Lizard Point – Geology

Lizard Point: continental collisions

Lizard Point is a great place to discover how continents are created and for investigating the geology of The Lizard of The Lizard.

The Lizard

The southern part of the peninsula is a complex mix of serpentinite, schist, gabbro and granite. These rocks are over 600 million years old. The serpentine rock for which The Lizard is famous is all that remains of an ancient ocean floor, into which other igneous rocks were intruded. As the earth’s tectonic plates moved, what now forms The Lizard was welded onto continental rocks in the mid-Devonian period (roughly 385 million years ago). During the Tertiary period (from about 65 million years ago), the peninsula was submerged beneath the sea, and the subsequent erosion levelled the rocks to produce the plateau we see today. This exposed marine platform is an example of an ophiolite. For more detail take a look at The Lizard’s geological timeline [hyperlink to Lizard timeline], from the very beginning of the Earth’s story until the present day.

Waves ManOWar - Chris Hunt

The serpentine rock that is widespread across the Lizard peninsula only reaches as far south as Caerthillian Cove on the western coast and Church Cove on the eastern, forming a geological boundary south of which schists dominate. Lizard Point is a great example of what happens when two continents come together.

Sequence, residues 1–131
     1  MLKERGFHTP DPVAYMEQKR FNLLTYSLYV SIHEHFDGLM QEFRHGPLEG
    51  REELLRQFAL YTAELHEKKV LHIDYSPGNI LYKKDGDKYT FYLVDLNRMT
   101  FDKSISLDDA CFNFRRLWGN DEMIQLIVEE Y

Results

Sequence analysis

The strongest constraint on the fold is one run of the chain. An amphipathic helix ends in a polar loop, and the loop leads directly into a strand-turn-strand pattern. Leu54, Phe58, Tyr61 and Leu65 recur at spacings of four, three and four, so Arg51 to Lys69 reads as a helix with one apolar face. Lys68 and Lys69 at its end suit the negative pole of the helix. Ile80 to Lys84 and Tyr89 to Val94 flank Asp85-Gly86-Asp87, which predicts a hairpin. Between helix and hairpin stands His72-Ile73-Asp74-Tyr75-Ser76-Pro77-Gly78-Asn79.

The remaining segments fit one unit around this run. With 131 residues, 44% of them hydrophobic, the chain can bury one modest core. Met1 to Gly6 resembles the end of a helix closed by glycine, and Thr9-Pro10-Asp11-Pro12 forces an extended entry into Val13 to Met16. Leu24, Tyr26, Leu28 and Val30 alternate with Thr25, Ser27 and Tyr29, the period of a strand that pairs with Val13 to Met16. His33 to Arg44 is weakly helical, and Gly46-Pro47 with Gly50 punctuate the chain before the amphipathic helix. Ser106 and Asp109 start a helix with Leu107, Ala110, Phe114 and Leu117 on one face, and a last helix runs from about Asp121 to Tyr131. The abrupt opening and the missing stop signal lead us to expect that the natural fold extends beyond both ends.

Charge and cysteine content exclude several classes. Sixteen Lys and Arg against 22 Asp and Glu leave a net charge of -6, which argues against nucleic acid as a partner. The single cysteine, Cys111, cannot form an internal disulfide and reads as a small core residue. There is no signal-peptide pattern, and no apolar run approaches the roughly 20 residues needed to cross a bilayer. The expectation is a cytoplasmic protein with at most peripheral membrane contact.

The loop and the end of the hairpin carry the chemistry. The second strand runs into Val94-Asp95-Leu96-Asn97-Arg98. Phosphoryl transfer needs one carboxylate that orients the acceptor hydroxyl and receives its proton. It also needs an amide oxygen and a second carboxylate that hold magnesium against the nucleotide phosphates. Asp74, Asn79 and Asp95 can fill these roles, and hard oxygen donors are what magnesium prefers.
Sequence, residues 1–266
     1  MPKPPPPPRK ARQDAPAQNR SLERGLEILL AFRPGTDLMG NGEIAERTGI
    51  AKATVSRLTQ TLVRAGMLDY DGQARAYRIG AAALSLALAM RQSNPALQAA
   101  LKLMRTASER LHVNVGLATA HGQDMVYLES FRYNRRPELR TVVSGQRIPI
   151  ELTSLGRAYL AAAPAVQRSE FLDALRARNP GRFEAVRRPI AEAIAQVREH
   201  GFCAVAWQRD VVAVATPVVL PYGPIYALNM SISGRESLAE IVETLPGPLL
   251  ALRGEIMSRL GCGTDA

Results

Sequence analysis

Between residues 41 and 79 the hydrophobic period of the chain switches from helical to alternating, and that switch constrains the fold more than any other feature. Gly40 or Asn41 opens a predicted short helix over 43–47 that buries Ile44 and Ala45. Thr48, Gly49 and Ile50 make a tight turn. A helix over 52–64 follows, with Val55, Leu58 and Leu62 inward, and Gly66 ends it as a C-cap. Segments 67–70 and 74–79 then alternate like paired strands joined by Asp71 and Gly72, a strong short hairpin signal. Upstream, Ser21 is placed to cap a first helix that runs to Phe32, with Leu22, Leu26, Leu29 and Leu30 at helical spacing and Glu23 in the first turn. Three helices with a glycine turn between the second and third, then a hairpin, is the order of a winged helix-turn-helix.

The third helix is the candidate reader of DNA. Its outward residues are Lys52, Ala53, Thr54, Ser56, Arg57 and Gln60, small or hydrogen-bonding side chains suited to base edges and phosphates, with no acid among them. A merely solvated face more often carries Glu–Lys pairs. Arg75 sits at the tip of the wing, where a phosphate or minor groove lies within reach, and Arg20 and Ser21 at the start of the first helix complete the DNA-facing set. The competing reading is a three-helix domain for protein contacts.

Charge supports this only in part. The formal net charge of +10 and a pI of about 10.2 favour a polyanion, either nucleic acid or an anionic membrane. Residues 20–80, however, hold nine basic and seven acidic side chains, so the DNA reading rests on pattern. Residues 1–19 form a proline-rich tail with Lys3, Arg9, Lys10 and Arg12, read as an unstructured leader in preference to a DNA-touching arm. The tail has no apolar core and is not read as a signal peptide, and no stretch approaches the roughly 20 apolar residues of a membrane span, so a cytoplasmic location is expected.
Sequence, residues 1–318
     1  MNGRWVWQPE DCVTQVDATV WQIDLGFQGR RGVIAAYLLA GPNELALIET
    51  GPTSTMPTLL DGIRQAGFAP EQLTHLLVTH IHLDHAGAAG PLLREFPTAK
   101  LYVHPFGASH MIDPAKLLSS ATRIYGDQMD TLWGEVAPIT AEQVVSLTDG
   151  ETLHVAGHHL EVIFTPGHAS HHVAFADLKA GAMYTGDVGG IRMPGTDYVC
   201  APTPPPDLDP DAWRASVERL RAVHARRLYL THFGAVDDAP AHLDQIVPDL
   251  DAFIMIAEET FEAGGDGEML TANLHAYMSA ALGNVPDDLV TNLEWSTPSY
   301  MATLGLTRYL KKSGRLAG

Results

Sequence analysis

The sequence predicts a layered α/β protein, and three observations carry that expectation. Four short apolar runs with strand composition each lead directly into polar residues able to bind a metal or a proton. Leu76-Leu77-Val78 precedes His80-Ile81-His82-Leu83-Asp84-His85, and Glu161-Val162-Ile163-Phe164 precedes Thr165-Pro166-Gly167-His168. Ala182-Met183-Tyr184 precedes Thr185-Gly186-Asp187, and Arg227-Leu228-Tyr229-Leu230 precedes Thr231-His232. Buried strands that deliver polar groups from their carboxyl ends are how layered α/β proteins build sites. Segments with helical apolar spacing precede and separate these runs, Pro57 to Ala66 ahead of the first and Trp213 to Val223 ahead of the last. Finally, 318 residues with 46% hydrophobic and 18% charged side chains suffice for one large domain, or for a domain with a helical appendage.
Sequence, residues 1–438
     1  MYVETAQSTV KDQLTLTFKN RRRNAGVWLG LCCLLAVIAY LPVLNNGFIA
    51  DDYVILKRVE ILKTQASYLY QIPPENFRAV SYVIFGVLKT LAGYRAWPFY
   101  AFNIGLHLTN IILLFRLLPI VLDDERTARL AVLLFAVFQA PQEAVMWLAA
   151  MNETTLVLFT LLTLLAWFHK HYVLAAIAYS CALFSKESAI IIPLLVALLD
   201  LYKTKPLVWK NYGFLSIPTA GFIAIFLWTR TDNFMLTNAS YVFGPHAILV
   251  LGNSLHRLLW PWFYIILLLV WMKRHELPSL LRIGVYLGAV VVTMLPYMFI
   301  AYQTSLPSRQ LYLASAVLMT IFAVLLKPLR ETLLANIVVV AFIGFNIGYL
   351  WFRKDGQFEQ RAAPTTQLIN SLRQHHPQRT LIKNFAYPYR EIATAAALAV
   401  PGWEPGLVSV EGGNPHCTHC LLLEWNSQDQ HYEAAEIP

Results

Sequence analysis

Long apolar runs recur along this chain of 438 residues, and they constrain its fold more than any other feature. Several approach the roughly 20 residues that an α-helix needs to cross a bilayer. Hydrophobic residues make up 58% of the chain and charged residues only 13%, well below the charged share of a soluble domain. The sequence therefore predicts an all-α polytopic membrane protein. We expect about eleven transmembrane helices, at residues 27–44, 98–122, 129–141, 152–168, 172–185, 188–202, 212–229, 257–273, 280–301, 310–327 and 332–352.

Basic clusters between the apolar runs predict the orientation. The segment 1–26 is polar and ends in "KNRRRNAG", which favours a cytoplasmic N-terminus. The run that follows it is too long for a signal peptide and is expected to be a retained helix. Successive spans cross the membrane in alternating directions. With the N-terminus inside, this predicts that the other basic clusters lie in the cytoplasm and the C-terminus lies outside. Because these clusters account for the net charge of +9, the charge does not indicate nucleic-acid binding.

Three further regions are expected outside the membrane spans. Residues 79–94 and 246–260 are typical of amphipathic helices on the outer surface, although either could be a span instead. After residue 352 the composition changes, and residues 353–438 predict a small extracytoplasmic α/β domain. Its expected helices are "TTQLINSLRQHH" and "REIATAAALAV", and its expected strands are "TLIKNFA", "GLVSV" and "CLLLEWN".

Lizard Point

Geological map of the Lizard

There are three different kinds of rocks on show at Lizard Point.

Mica schist

Mica schist is a metamorphic rock made from quartz and a layered silicate mineral known as mica. This form of schist makes up the rock below your feet as you stand at the most southerly point and as you walk west and north along the coastal path towards Caerthillian Cove. From the old lifeboat station at Polpeor Cove you can see for yourself the mica schist foliations spanning the caves and cliffs. Polpeor mica schists

Granite gneiss

Mica schist is often found alongside gneiss formations. The southwestern tip of the peninsula illustrates a gradient between mica schist and granite gneiss, whilst a majority of the rocks made visible at low tide are granite gneiss. The oldest granite gneiss visible from the most southerly point is the Man of War formed 500 million years ago. These islets were on the northern tip of the supercontinent consisting of Africa and South America when it collided with another supercontinent, formed by Europe and North America, 350 million years ago. Islets off lizard point]

Hornblende schist

The rocky cliffs to the east of Lizard Point are again schist but of a different form. Whilst mica schist was formed by the metamorphosing of sediments, hornblende schist was once as a lava flow which, under extreme temperature and pressure, was altered into the schists we see today. The cliffs beneath the light house all the way to Church Cove are formed from this form of schist. View of the cliffs beneath lighthouse

You can read more about the geology of The Lizard on this site, or pick up a copy of Beneath the Skin of The Lizard, by Robin Bates and Bill Scolding, which details seven coastal walks exploring the geology of the peninsula. We have also included a glossary  of geological terms.